• TRIFECTA : Arizona-based singer-songwriter Brandon Decker is rolling through the area again, this time on Nov. 1 at Rose’s Landing, Nov. 2 at the Steynberg Gallery, and Nov. 3 at Gather Wine Bar.
Arizona-based singer-songwriter Brandon Decker is rolling through the area again, this time with “a new album [Long as the Night], which I believe in very deeply, and a far better musical lineup,” he said. He and his gritty folk rock quartet draw on influences such as Leonard Cohen, Tom Waits, Cat Power, and PJ Harvey. See them on Monday, Nov. 1, at Rose’s Landing in Morro Bay at 7 p.m.; Tuesday, Nov. 2, at The Steynberg Gallery in SLO at 6:30 p.m.; and Wednesday, Nov. 3, at Gather Wine Bar in Arroyo Grande at 7:30 p.m.

click to enlarge BITTER AMERICANA :  On Nov. 2, Seattle-based “bitter Americana” artist Anna Coogan plays The Steynberg Gallery. - PHOTO COURTESY OF ANNA COOGAN
  • PHOTO COURTESY OF ANNA COOGAN
  • BITTER AMERICANA : On Nov. 2, Seattle-based “bitter Americana” artist Anna Coogan plays The Steynberg Gallery.
In addition to Brandon Decker, Steve Key’s Songwriters at Play showcase on Tuesday, Nov. 2, at the Steynberg also features Seattle-based Americana artist Anna Coogan. “A trained opera singer and field biologist, Anna translates her love for desolate landscapes, dark alleyways, and neon valleys into simple, sweet melodies,” according to her bio. The show starts at 6:30 p.m. and costs $5. Expect to see a half dozen other performers playing three-song sets.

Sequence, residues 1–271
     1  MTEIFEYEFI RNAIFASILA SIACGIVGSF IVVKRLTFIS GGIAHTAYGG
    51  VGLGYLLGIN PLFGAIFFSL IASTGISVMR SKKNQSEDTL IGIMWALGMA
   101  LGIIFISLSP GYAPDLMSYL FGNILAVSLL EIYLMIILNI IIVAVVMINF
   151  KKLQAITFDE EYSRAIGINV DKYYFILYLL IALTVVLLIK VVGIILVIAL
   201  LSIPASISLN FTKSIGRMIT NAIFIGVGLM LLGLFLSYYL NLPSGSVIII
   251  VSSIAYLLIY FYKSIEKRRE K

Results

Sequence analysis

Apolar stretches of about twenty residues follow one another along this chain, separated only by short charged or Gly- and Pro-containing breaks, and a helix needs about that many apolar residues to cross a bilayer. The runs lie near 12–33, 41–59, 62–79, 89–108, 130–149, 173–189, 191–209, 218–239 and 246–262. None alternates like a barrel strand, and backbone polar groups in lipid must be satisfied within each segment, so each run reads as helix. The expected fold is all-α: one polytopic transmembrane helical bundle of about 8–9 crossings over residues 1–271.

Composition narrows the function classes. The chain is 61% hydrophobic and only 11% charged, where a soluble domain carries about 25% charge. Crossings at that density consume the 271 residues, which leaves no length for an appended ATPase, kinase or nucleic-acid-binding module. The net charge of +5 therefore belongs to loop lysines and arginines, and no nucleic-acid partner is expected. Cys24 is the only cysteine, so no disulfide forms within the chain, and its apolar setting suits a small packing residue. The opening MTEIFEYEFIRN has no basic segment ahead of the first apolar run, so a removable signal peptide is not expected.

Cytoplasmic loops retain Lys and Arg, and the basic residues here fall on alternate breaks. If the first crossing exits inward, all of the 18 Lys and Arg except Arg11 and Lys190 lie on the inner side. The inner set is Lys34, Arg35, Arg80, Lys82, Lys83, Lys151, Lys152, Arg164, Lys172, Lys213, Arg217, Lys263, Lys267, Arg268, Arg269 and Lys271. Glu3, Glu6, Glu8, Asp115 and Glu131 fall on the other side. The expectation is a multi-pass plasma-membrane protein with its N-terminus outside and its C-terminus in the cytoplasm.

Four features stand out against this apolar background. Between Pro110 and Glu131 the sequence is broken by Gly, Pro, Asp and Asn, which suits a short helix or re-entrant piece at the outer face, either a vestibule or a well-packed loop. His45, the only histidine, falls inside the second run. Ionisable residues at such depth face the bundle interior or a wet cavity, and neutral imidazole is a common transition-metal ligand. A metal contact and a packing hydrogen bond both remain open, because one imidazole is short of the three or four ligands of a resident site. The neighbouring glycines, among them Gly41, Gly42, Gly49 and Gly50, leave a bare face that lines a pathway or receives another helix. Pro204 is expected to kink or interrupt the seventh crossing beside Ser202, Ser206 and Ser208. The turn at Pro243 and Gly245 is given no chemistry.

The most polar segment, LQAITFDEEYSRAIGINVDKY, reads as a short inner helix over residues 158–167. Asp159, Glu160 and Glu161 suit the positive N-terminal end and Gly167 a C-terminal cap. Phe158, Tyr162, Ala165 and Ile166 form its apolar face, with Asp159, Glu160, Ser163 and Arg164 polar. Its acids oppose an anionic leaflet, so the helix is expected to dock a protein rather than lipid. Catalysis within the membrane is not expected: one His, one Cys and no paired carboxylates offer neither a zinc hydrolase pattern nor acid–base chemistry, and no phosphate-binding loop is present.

Save school music programs and fix your leaky faucet

If you shop at Pismo Bob’s on Mondays starting Monday, Nov. 1, he’ll donate 15 percent of his profits to the music program at Lucia Mar Unified School District, which has historically received a lack of funding. Apparently, the situation is critical!

According to Dina Myers, band director at Judkins Middle School (and at other elementary schools throughout the district), “Every year the money runs out before all the necessary repairs are made—sometimes as early as November or December.”

So what, you say?

“Time and again I am reminded by parents that music makes a difference in their child’s life,” Myers said. “For some, it’s what keeps them wanting to come to school. For others it’s a creative outlet. For many, it is a place where they feel welcome, a part of something bigger than themselves, and the place from which they pull their closest friends. The music room is a place where working hard and having fun are not mutually exclusive. Musicians understand that it takes dedication, discipline, attention to detail, repetition, and time to achieve great things.”

That’s why Bob Pringle of Pismo Bob’s True Value Hardware is trying to help out. That and the fact that all five of his sons have learned to play their respective musical instruments through this program, and he is dedicated (along with the entire Pringle family) to preserving it.

“I believe in the power that music has to build the self-confidence and academic performance of our youth,” Pringle said. “Taking this away from those students that need it would be disastrous. To donate a portion of my sales to this cause is the least that I can do.”

Pismo Bob’s is right off the 101 in Pismo Beach at 930 Price St. (across from Giuseppe’s Italian Restaurant, and the newly built Valentina). ∆

Keep up with Glen Starkey via twitter at twitter.com/glenstarkey, friend him at Myspace.com/glenstarkey, or contact him at gstarkey@newtimesslo.com.